Saturday, 26 September 2020

Adding VLANs to OpenWRT

Adding VLANs to

Adding VLANs to a hacked OpenWRT router

Technicolor MediaAccess TG589vac

TG589vac Router

Warning: Incorrectly modifying the /etc/config/network file can cause switch/router inoperabilty, it could brick the device or cause it to lose network connectivity to it’s management interface. Follow these steps only with full knowledge that you could destroy your router or switch. I accept no responsibility!

I inherited one of these routers from a previous ISP and bought another from ebay since they make pretty competent 4-port gigabit switches once the firmware has been rooted. I have a guide to root your TG589vac here. Since setting them up as my home lab switches, I now have a requirement to implement VLANs on my network for segmentation and to make things tidyer on my virtualisation hosts.

Since these routers are running OpenWRT then adding VLANs to them is fairly straight forward. Log into the router as root and modify the network config file with vi /etc/config/network

The interesting section of this file is here:

config switch_vlan 'lan_switch'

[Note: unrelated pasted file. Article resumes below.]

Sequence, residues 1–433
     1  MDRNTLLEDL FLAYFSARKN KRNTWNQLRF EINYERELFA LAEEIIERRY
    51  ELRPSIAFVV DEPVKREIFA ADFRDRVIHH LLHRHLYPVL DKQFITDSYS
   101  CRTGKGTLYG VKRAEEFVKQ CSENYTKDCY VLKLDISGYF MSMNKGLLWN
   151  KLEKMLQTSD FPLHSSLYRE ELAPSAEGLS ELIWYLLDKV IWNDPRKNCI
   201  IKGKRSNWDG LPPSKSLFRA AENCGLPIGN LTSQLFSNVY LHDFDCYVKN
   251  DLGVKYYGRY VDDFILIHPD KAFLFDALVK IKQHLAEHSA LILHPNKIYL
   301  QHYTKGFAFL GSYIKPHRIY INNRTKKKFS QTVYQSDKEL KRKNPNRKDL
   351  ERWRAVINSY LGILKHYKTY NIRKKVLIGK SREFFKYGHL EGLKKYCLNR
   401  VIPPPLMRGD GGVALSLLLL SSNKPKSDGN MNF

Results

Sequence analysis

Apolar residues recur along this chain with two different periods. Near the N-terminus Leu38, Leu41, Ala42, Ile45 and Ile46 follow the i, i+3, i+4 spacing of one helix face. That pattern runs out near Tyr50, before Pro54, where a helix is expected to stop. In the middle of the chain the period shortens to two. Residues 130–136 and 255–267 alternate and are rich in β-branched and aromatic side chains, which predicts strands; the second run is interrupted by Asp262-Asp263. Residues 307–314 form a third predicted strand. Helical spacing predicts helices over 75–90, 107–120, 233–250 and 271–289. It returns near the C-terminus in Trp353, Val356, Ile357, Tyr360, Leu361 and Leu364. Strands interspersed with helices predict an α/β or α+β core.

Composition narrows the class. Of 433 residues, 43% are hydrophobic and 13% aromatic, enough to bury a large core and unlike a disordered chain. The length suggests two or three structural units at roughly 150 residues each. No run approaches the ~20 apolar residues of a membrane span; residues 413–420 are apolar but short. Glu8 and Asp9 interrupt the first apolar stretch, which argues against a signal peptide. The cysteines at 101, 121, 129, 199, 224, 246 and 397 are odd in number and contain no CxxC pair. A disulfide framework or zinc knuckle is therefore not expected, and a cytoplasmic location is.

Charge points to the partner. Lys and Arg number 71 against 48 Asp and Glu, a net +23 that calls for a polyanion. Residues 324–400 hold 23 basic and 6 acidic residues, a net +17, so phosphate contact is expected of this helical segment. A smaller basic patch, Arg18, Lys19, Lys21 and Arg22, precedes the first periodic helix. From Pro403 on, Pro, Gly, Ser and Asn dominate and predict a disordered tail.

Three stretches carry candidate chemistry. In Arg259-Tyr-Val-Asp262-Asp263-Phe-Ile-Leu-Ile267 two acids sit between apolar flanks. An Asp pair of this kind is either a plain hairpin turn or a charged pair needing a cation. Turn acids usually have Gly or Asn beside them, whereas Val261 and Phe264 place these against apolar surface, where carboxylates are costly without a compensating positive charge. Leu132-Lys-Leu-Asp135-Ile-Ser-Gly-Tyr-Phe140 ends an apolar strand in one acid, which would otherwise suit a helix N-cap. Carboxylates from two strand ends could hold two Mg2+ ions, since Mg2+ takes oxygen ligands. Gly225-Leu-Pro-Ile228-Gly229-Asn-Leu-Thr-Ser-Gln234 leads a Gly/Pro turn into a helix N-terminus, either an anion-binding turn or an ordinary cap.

option ports '1* 2* 3* 4* 8t'
	option device 'bcmsw'
	option vlan '1'
config switch_vlan 'lan_switch'
	option ports '1* 2* 4t 8t'
	option device 'bcmsw'
	option vlan '1'

config switch_vlan 'lan_switch_vlan5'
	option ports '3* 4t 8t'
	option device 'bcmsw'
	option vlan '5'

Notice that port 3 was removed and port 4 was switched to tagged on VLAN id 1, then VLAN id 5 has been configured on port 3 untagged and port 4 tagged. I’m unsure of the significace of port 8t but in my case it works with the port included in all additional VLANs.

* - denotes untagged
t - denotes tagged

Warning: DO NOT change the name of the vlan ‘lan_switch’ doing so caused a segfault when reloading the network on my switch and soft-bricked it. The switch was left restarting the network over and over. After much trial and error, I managed to factory reset it once all physical network ports were unplugged.

Once you have made your edits, restart the network with /etc/init.d/network reload or service network reload depending on the OpenWRT version.

root@dsldevice:~# /etc/init.d/network reload  
GPHY_0 port accepts jumbo frames.  
GPHY_1 port accepts jumbo frames.  
GMII_1 port accepts jumbo frames.  
GMII_2 port accepts jumbo frames.  
GPON_SERDES port accepts jumbo frames.  
MOCA port accepts jumbo frames.  
USB port accepts jumbo frames.